Ordering furniture and equipment for a new clerk is part of a process that began months ago. The county board originally approved a new computer software program that would track multiple types of information for each parcel of land. County Assessor Betty Schultz then asked for the addition of a full-time clerk to work in the office while the other staff went out gathering all the data that the new clerk would put into the new software program. The board approved this as well as the addition of a county fleet vehicle so the two assessors working under Assessor Schultz could go out and gather data separately.
Before approving the office equipment and furniture, Commissioner Garry Gamble asked if the county had anything sitting around that could be used by the new clerk in order to avoid the requested purchases. The assessor said she had consulted with Information Systems Director Danna MacKenzie and Maintenance Director Brian Silence, who had nothing available.
Commissioner Sue Hakes asked Assessor Schultz to try to negotiate with the office furniture company, Hermann Miller, on price. She said she had already done so. Commissioner Bruce Martinson said he thought they should get another bid from another company, and Schultz said Herman Miller tends to be the least expensive and have the best quality.
The impending retirement of Cook County Personnel Director and County Board Secretary Janet Simonen has propelled the county board into considering the possibility of creating an administrative position that could oversee all departments within the county.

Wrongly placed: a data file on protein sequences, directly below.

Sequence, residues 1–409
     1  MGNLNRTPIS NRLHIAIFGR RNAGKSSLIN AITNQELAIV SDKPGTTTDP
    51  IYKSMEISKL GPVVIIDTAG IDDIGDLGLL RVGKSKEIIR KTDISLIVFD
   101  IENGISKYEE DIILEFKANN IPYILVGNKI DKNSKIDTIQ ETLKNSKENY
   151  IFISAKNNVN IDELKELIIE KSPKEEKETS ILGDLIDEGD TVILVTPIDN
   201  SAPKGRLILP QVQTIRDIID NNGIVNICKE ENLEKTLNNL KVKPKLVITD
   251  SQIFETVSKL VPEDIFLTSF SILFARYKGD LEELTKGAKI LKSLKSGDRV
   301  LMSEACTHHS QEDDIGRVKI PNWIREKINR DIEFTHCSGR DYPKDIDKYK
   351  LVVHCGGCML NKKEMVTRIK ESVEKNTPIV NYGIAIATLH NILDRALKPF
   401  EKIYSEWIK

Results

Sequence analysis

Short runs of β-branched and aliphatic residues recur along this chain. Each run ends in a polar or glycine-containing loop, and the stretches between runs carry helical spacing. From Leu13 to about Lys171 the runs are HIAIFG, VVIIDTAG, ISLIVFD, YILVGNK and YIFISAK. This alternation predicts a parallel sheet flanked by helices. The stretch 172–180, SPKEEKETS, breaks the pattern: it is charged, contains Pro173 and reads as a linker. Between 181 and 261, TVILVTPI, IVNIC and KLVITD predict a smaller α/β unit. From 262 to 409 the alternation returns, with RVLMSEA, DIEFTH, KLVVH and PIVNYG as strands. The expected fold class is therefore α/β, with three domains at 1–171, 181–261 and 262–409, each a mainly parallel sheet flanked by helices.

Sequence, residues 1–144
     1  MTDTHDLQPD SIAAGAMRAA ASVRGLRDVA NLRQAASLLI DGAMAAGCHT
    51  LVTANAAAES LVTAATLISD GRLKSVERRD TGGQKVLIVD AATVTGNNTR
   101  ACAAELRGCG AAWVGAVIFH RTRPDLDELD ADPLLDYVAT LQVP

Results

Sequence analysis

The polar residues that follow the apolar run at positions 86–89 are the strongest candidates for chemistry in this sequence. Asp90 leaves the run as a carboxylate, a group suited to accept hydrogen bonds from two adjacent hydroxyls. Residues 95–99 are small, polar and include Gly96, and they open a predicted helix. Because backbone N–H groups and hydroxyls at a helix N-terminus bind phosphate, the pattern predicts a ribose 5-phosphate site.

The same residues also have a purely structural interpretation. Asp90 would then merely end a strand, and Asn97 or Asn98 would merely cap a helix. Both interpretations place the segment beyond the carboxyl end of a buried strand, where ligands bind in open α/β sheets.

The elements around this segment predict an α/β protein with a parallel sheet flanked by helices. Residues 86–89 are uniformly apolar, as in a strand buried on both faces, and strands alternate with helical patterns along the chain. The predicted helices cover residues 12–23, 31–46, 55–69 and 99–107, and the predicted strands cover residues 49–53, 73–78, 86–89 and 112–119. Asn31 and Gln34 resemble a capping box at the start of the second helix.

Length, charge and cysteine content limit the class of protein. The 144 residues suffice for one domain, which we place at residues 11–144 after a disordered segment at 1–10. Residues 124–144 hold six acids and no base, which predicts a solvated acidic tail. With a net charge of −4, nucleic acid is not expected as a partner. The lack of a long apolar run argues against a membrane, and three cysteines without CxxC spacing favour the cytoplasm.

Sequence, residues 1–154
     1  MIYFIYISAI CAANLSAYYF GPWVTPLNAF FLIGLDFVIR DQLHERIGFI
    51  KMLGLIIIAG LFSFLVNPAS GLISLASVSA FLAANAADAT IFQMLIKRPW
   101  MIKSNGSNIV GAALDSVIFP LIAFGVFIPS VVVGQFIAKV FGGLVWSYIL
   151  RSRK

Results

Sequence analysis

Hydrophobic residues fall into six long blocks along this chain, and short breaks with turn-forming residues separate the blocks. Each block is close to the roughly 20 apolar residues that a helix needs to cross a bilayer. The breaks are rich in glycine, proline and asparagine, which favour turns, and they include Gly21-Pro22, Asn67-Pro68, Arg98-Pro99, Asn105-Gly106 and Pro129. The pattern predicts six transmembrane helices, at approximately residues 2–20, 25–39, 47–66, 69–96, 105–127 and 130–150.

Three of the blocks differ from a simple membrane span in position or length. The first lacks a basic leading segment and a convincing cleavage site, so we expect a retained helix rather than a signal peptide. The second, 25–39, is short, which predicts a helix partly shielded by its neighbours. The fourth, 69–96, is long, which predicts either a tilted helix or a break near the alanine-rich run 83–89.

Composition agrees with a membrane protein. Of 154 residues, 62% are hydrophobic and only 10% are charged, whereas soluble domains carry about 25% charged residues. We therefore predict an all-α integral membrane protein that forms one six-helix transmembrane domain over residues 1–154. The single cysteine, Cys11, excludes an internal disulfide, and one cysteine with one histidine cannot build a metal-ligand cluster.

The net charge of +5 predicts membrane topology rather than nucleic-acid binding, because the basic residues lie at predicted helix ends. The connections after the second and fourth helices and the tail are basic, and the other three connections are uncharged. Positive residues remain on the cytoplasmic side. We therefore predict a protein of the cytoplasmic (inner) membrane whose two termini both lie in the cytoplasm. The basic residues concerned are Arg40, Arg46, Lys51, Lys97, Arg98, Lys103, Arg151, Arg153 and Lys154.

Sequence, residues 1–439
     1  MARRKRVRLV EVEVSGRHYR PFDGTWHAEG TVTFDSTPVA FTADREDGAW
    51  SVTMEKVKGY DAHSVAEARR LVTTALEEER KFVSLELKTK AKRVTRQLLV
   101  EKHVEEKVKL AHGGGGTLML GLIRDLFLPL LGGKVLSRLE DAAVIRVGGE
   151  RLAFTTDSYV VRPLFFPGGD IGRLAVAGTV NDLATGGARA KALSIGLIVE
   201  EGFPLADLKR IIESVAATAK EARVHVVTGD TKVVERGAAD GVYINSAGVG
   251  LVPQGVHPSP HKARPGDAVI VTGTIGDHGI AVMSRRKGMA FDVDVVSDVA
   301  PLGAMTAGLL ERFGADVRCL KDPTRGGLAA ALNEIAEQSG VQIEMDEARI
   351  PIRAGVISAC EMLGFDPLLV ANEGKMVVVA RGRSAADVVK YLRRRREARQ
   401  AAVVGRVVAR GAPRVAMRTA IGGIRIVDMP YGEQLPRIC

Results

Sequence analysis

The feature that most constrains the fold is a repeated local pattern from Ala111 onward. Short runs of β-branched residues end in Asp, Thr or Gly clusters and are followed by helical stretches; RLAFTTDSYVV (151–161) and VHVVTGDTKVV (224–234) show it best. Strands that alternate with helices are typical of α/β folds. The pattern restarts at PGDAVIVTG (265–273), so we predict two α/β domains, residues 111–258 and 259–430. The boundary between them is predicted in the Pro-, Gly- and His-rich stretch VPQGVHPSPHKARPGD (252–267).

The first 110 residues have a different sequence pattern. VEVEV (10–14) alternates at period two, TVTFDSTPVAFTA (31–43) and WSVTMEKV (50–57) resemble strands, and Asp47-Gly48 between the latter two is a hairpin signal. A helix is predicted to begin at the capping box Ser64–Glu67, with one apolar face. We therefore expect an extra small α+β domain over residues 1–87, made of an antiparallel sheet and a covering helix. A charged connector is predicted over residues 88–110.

On April 15, 2013, the board and department heads held a special meeting to talk with three county administrators – Timothy Houle of Crow Wing County (pop. 62,500) and Brian Bensen of Sherburne County (pop. 88,499) in person and Trish Klein of Itasca County (pop. 42,763) on speakerphone.
Timothy Houle of Crow Wing County said an administrative position will be successful if the administrator is perceived as taking the staff and board where they want to go, He recommended that the board have an annual retreat where they set goals.
There were questions of whether a board retreat would be open to the public. The administrators said, “You’ve got to get comfortable doing this stuff in a fishbowl. You’ve got to get comfortable living, working, and breathing in this fishbowl.”
Commissioner Jan Hall said theyneed to look at whether they can afford to have an administrator.
To which Trish Klein said, they need to look at whether they can afford not to. She said that in two years, she has probably saved Itasca County 20 years worth of her salary because they started going out for bids on jobs.
Cook County is similar to a corporation with a $17 million-a-year budget, said Timothy Houle of Crow Wing County and there’s no way a business of that size would not have some sort of chief executive officer. He stated that more and more counties are moving toward hiring administrators or coordinators.
The county board approved three requests that had been approved by the Revolving Loan Fund Committee on April 15. The first was a loan of $48,000 to Randy Sjogren for improvements to the mini-golf course in Grand Marais, which he has purchased.
The name of the business will be Putt ‘n Pets, and it will include domestic animals such as goats, chickens, and pheasants for viewing. Improvements include seating areas, more food offerings, improved landscape, and lighted balls, holes, and clubs for evening use.
The second loan was for $16,000 to David Rak and Don Bertolini to supplement a Minnesota Department of Employment and Economic Development grant of $38,500 for the Mangy Moose Motel. The $56,000 project will include new windows, sidewalks, railings, lighting, interior insulation, energy efficient heat pumps and water heater, and handicap accessible bathrooms. The beauty salon building will be upgraded as well.
The third loan was for $17,000 to Bruce Block for a $51,000 addition to Sydney’s Frozen Custard & Pizzeria. The extra space will include an interior seating area and additional deck space. The interior seating will allow the business to sell beer and wine.
After these loans, the Revolving Loan Fund balance will be $99,869.